Dienstag, 20.10.2020 05:03 Uhr

Xiong Shili one of the most important Chinese philosophers

Verantwortlicher Autor: Carlo Marino Rome , 14.06.2020, 20:31 Uhr
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Rome [ENA] On 4th of June the academic publisher Brill, based in the Netherlands, edited in the Series: Modern Chinese Philosophy, Volume: 21, the book Xiong Shili's Understanding of Reality and Function, 1920-1937, by Yu Sang. Xiong Shili 熊十力(1885-1968) was one of the most important Chinese philosophers of the twentieth century, and a founding figure of the modern New Confucian school of philosophy.

Xiong was born to a poverty-stricken family in the Huanggang, Hubei. His father was a village teacher who died of tuberculosis when Xiong was ten years old, forcing him to work as a cowherd for his neighbor to support his family. By his twenties, he was a dedicated revolutionary in the Republican Revolution that ended the Qing dynasty and ushered in China's first republic. Disgusted over corruption in politics, and what he termed "latent feudalism" among the revolutionaries, he began to study Buddhism in 1920 at the China Institute for Inner Learning (支那內學院) in Nanjing headed by Ouyang Jingwu (欧阳境无), perhaps the most influential lay Buddhist thinker of the twentieth century.

Xiong became an essayist and philosopher whose major work A New Treatise on Vijñaptimātra (新唯識論, Xin Weishi Lun) is a Confucian critique of the Buddhist Vijñapti-mātra "consciousness-only" theory popularized in China by the Tang-dynasty pilgrim Xuanzang. At the core of his metaphysics is one of the key conceptual polarities in traditional Chinese philosophy: Reality ( ti 體) and Function ( yong 用). Xiong Shili’s Understanding of Reality and Function, 1920-1937 presents a detailed examination and analysis of the development of Xiong Shili’s conception of Reality and Function between 1920 and 1937. While scholars have tended to focus on Xiong’s mature ti-yong philosophical system, which was initially established in the early 1930s, this study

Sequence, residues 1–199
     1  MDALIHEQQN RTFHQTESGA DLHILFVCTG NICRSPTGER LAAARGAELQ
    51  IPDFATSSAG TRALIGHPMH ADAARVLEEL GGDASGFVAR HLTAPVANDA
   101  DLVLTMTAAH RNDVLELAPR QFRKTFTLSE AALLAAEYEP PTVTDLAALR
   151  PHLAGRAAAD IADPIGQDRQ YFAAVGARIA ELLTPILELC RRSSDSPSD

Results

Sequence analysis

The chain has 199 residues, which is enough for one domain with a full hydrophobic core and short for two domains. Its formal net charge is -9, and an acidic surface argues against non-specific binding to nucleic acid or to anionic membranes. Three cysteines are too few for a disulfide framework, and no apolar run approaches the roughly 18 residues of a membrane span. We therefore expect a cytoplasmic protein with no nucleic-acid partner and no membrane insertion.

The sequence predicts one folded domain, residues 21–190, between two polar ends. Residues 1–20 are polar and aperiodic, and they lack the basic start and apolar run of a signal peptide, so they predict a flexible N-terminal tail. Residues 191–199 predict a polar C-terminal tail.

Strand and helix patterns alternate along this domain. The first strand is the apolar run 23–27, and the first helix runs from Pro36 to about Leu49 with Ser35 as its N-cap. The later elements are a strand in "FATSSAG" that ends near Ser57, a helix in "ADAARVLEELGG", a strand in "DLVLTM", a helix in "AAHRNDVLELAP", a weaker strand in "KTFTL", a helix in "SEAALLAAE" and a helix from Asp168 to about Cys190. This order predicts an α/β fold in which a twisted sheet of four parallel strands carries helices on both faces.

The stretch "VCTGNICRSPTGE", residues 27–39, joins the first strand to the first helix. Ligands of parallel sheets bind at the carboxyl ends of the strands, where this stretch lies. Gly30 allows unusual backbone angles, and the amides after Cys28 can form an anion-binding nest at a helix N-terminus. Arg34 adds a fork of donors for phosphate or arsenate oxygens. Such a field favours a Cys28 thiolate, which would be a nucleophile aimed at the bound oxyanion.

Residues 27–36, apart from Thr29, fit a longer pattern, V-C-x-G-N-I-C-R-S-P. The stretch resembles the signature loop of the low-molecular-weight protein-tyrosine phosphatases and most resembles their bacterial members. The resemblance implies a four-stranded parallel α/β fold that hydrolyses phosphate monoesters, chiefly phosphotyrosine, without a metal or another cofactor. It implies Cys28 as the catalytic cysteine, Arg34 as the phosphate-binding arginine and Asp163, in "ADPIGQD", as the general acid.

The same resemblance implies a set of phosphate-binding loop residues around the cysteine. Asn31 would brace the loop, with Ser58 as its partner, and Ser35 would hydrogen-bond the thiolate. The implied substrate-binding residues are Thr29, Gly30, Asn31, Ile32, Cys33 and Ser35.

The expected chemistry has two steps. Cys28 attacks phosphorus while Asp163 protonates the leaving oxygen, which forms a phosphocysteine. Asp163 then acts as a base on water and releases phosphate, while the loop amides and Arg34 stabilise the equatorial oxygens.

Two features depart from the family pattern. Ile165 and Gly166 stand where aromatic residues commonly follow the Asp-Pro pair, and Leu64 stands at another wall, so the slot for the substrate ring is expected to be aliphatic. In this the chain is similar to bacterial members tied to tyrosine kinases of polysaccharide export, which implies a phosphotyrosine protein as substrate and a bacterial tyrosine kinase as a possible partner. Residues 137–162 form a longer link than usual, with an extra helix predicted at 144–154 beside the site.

explains how that system was gradually formed, providing a more comprehensive basis for understanding the development of Xiong’s philosophical thought in later periods. Xiong is widely regarded as the thinker who laid down the basis for the revival of Confucianism during the twentieth century, and the main voice in contemporary Chinese philosophy who called for a revival of the Confucian dao. He felt it could provide a guide for the country during its tumultuous period following the May Fourth Movement in 1919.

He felt that national survival was predicated on a sense of community, which in turn could only come from trusting commitments from the people involved. He believed that the most urgent task for the educated elite in China was to raise the cultural awareness and sensitivity of the people that the clash between the West and China was not solely a clash of economic strength and military might, but also a conflict between basic human values.

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